While the American League adopted the designated hitter role in 1973, pitchers continued to hit when playing in National League ballparks. Pitchers as a whole don’t have much success hitting the ball unless we exclude a select few like Shohei Ohtani and Madison Bumgarner. During the shortened 2020 season due to the pandemic, both leagues implemented the universal DH role to avoid overworking pitchers.
Was Game 5 of the World Series the Final Game Without a DH
This World Series between the Houston Astros had no shortage of headlines as the two organizations were heated rivals when the Astros were a part of the National League. As the series heads back to Houston, the league may retire the no DH rule when playing in National League ballparks as this season comes to a close.
The collective bargaining agreement is set to expire December 1st, and the new collective bargaining agreement is expected to feature the universal DH. Commissioner Rob Manfred tried this before the season started but there had to be a tradeoff.
The MLB owners used the universal DH as a key negotiation tool as there is a huge discrepancy between the successful big market teams and small-market teams with few notable exceptions like the Tampa Bay Rays, Oakland Athletics, and the Kansas City Royals who won the 2015 WS. However, the early adoption of the universal DH didn’t take place in 2021 because the exchange would have led to an expanded postseason. We have the NBA implement the Play-in tournament which was relatively a success.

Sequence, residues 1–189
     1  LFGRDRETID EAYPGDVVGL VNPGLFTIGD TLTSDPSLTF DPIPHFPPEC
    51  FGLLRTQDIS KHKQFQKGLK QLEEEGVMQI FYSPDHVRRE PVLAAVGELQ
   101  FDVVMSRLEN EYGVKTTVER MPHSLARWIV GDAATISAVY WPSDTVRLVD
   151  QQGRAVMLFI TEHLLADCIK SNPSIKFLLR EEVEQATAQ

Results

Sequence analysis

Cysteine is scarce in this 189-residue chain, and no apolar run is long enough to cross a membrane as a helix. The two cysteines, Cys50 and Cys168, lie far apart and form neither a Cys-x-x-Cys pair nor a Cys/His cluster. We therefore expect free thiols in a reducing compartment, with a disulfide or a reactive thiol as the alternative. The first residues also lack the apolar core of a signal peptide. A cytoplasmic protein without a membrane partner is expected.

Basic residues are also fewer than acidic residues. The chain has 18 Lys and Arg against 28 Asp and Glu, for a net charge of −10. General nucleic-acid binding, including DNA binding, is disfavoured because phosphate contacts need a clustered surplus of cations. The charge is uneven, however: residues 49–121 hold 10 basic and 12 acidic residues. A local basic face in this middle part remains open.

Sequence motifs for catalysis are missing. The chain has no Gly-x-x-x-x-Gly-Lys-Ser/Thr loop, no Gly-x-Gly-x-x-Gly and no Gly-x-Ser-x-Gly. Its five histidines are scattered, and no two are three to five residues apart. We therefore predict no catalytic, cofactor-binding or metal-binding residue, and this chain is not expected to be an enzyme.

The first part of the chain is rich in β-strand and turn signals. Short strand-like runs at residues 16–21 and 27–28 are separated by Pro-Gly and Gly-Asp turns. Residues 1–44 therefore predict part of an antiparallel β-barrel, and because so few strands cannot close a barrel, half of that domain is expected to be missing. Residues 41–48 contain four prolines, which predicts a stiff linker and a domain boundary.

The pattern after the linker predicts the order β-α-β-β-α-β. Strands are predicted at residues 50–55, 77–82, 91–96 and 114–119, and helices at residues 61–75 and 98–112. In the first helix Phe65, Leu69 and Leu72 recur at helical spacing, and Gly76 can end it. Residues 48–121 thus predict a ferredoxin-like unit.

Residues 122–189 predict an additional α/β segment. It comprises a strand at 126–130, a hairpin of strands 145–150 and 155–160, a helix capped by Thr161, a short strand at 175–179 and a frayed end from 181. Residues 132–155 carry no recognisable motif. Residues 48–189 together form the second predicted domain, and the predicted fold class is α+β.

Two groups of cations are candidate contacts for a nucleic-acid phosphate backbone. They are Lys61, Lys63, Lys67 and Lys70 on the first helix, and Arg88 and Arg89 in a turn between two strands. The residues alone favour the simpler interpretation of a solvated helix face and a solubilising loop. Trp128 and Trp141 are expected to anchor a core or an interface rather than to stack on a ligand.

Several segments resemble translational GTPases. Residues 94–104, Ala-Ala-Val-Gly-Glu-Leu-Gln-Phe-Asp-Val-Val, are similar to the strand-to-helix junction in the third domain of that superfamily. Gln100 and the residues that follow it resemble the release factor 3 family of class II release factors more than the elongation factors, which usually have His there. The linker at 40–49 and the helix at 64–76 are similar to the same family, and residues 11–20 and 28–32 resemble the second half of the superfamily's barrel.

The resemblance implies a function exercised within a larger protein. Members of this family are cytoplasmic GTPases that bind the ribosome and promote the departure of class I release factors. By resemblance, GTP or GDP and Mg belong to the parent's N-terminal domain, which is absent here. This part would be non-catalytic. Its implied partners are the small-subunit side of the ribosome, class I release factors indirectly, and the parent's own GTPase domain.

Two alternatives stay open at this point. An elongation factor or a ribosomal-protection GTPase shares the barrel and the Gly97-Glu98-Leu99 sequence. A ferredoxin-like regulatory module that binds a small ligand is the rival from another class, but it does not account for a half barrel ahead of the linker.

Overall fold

The expanded postseason may be another issue the MLB may want to consider for the future but as of right now the universal DH may be on its way in the upcoming 2022 season. In the 2021 season, pitchers combined to have a slash line of .110/.150/.142 with a 44.2 percent strikeout rate in just under 5,000 plate appearances. It can be seen as a sure out no matter how one dissects it the majority of the time.
Pitchers coming up to bat in key situations early in the game may not be the most compelling thing to watch during a game as teams want to drive in as many runs as possible when it’s their turn to bat. However, those moments may cement themselves in the history books as Houston Astros’ pitcher Zack Greinke potentially wrote the final piece of history.
Houston Astros Pitcher Zack Greinke Makes History in Game 5
Zack Greinke started Game 4 for the Astros and also cemented himself in the history books in Game 5 of the Fall Classic. Greinke asked manager Dusty Baker if he can pinch-hit for Yimi Garcia during the fourth inning of an elimination game. In doing so, Greinke became the first pitcher since the 1923 World Series to record a pitch-hit single.
He smacked a single to right-field off Braves reliever Jesse Chavez. In the process, he also hit the hardest-hit ball in the game according to Statcast as it reached an exit velocity of 105.9 mph. He joins Jack Bentley who recorded pitch-hits in both Game 1 and Game 4 for the New York Giants in the 1923 WS against the New York Yankees.
Some fans may not agree with the rules as the MLB has implemented new rules that can be seen as going against tradition. Eliminating the four-pitch intentional walk wasn’t such a bad rule, but the extra innings Runner on second rule had some backlash. As a baseball fan, what do you think about the universal DH that is expected to be implemented next season?